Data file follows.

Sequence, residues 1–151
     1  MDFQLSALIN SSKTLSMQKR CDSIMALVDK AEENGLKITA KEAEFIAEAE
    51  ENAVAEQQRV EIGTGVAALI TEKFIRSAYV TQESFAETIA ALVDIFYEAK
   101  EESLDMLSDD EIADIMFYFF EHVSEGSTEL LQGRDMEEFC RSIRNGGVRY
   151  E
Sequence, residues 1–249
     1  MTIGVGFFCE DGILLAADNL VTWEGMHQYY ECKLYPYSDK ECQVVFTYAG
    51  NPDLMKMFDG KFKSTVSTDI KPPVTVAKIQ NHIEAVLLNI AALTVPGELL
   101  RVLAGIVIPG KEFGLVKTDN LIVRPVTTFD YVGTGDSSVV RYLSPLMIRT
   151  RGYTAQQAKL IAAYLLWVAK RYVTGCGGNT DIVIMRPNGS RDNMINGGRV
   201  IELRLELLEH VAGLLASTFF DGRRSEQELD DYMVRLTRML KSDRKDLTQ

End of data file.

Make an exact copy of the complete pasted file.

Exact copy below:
Sequence, residues 1–151
     1  MDFQLSALIN SSKTLSMQKR CDSIMALVDK AEENGLKITA KEAEFIAEAE
    51  ENAVAEQQRV EIGTGVAALI TEKFIRSAYV TQESFAETIA ALVDIFYEAK
   101  EESLDMLSDD EIADIMFYFF EHVSEGSTEL LQGRDMEEFC RSIRNGGVRY
   151  E
Sequence, residues 1–249
     1  MTIGVGFFCE DGILLAADNL VTWEGMHQYY ECKLYPYSDK ECQVVFTYAG
    51  NPDLMKMFDG KFKSTVSTDI KPPVTVAKIQ NHIEAVLLNI AALTVPGELL
   101  RVLAGIVIPG KEFGLVKTDN LIVRPVTTFD YVGTGDSSVV RYLSPLMIRT
   151  RGYTAQQAKL IAAYLLWVAK RYVTGCGGNT DIVIMRPNGS RDNMINGGRV
   201  IELRLELLEH VAGLLASTFF DGRRSEQELD DYMVRLTRML KSDRKDLTQ